- Code POLS2136
- Unit Value 6 units
- Offered by School of Politics and International Relations
- ANU College ANU College of Arts and Social Sciences
- Course subject Political Science
- Areas of interest International Relations, Political Sciences
- Academic career UGRD
- Dr Darren Lim
- Mode of delivery In Person
Winter Session 2019
See Future Offerings
Why has the unparalleled military might of the United States seemingly been insufficient to achieve its interests in the Middle East, while Russia appears to have achieved significant success in Europe? Does Chinas rapidly growing economy endow it with a potent economic instrument of power? Is the soft power of the West declining amid global financial crisis and domestic political turmoil? Who is winning the contest of great powers in the 21st century? This course focuses on puzzles like these, examining how power is accumulated and wielded in international relations, and the conditions under which its use can be successful. States are the primary focus of the course, and five primary modes of power will be studied: military power, economic power, institutional power, soft power and hegemonic power. The objective of this course is to provide the student with a broad and deep understanding of how power can be conceptualised, measured, and deployed in international relations, and the conditions for its successful use. The course considers a wide range of contemporary issues and case studies and will analyse both the capacity of and limitations on states to wield different types of power successfully.
Upon successful completion, students will have the knowledge and skills to:
- identify, compare and evaluate different types of power and instruments of power in international relations;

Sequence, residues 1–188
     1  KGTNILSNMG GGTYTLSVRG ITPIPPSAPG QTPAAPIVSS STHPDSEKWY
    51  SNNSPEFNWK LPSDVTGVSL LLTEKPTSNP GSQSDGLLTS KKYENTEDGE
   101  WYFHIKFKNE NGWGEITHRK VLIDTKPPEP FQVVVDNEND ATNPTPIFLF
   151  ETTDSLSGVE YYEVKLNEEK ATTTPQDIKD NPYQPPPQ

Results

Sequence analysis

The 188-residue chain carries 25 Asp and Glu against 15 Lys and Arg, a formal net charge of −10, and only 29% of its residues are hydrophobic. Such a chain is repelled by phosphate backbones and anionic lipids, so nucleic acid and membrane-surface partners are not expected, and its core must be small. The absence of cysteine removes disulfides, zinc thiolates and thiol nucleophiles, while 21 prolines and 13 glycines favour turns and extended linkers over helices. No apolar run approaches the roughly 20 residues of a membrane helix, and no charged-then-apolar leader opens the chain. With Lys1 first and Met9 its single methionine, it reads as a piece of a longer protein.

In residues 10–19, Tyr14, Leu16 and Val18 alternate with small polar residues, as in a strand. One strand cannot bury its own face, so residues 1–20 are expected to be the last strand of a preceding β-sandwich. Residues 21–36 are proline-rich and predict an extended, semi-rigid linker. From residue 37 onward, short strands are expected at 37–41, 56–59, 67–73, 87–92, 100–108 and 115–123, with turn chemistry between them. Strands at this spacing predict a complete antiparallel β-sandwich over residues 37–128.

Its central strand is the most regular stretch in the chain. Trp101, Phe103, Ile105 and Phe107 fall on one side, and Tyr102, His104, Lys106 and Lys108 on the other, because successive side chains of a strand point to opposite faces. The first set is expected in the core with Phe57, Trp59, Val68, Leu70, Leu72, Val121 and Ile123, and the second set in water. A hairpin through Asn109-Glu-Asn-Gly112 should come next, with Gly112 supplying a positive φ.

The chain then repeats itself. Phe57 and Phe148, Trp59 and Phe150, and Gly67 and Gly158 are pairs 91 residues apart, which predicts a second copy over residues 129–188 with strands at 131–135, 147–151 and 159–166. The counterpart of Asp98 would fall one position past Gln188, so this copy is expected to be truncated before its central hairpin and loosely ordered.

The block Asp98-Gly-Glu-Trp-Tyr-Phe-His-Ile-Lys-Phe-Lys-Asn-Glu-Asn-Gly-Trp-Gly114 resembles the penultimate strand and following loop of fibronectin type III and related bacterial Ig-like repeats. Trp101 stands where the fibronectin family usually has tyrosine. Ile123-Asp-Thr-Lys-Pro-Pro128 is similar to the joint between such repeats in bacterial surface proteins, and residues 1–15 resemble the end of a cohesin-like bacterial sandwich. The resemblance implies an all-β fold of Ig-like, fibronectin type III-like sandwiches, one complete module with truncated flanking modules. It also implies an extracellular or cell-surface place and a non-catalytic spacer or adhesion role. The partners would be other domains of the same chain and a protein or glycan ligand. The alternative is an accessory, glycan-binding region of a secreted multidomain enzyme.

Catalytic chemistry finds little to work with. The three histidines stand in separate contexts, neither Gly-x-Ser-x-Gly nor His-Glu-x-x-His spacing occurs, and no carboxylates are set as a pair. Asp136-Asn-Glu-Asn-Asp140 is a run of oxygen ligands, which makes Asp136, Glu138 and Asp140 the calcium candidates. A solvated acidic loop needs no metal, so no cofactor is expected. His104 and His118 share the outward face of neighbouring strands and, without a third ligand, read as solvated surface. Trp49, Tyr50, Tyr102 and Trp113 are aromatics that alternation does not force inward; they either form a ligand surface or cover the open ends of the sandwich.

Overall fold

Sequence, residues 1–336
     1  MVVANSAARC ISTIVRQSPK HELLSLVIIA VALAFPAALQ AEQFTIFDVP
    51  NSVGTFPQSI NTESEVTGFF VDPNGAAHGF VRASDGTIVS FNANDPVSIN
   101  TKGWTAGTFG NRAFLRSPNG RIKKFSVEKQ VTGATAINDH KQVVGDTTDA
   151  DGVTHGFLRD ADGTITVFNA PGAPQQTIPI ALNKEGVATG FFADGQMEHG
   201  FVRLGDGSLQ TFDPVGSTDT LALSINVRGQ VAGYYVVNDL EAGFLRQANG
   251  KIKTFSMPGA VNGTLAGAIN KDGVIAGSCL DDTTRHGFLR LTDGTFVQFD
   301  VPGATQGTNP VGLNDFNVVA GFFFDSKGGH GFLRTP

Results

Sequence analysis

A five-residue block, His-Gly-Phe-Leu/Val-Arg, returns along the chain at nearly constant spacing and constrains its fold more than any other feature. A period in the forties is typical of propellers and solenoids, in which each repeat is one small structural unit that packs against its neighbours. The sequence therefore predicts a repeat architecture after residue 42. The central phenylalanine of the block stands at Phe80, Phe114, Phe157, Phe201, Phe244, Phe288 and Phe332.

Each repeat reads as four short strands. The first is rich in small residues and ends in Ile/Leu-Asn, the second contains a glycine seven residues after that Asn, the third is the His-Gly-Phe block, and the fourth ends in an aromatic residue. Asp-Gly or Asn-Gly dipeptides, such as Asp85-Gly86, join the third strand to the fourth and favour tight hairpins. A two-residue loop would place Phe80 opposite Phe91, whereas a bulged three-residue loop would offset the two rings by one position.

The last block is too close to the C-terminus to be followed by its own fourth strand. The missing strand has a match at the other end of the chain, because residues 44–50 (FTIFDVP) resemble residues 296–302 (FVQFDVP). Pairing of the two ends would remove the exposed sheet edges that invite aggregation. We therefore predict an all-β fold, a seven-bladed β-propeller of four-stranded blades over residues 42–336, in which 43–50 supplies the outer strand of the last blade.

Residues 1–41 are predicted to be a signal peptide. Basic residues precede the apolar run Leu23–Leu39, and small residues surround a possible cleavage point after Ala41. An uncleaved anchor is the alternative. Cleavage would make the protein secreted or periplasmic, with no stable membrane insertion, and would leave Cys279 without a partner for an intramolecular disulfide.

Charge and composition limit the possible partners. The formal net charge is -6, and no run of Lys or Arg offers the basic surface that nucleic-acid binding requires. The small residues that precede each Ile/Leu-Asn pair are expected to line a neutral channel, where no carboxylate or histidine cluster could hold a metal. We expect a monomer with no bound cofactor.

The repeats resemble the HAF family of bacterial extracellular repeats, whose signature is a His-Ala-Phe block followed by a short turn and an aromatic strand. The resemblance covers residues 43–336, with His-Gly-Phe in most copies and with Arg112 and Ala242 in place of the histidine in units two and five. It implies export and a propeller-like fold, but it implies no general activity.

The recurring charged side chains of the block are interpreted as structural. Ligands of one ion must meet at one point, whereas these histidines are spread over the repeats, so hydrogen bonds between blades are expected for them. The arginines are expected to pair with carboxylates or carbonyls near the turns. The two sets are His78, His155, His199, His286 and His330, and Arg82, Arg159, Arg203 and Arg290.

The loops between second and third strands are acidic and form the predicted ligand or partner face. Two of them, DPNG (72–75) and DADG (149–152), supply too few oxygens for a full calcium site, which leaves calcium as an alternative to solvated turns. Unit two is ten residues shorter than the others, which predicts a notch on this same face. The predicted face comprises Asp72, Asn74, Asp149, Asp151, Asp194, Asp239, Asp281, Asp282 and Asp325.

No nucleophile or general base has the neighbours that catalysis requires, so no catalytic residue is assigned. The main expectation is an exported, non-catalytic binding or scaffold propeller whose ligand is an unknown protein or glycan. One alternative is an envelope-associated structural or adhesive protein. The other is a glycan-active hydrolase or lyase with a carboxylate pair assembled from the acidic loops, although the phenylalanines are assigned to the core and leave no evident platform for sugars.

- analyse the conditions under which the use of different types of power deployed by states will succeed or fail;
- debate and evaluate different approaches to major issues;
- apply the various analytical frameworks relating to to the use of power to contemporary case studies; and
- develop and demonstrate sound research, writing and oral presentation skills.
Expected Classes 2019:
Monday 1 July, 9am-5pm
Wednesday 3 July, 9am-5pm
Friday 5 July, 9am-5pm
Monday 8 July, 9am-5pm
Wednesday 10 July, 9am-5pm
Friday 12 July, 9am-5pm
- Tutorial Participation: 10% (LO: 1, 3, 4, 5) (10) [LO null]
- Newspaper opinion piece, 800 words: 15% (LO: 1, 2, 5) (15) [LO null]
- Case study essay, 2000 words: 35% (LO: 1-5) (35) [LO null]
- Final exam, 2 hours (40%) (LO: 1-5) (40) [LO null]
Workload130 hours of total student learning time made up from:
a) 35 hours of contact over 12 weeks: 24 hours of lectures and 11 hours of tutorials.
b) 95 hours of independent student research, reading and writing.
Requisite and Incompatibility
David Baldwin, 1985, Economic Statecraft (Princeton).
Daniel Byman and Matthew Waxman, 2002, The Dynamics of Coercion: American Foreign Policy and the Limits of Military Might (RAND).
Joseph Nye, 2004, Soft Power: The Means to Succeed in World Politics (Public Affairs).
Felix Berenskoetter and M.J. Williams (Eds.), 2007, Power in World Politics (Routledge).
David Baldwin, 2016, Power and International relations: A Conceptual Approach (Princeton).
Tuition fees are for the academic year indicated at the top of the page.
If you are a domestic graduate coursework or international student you will be required to pay tuition fees. Tuition fees are indexed annually. Further information for domestic and international students about tuition and other fees can be found at Fees.
- Student Contribution Band:
- Unit value:
- 6 units
Offerings, Dates and Class Summary Links
Class summaries, if available, can be accessed by clicking on the View link for the relevant class number.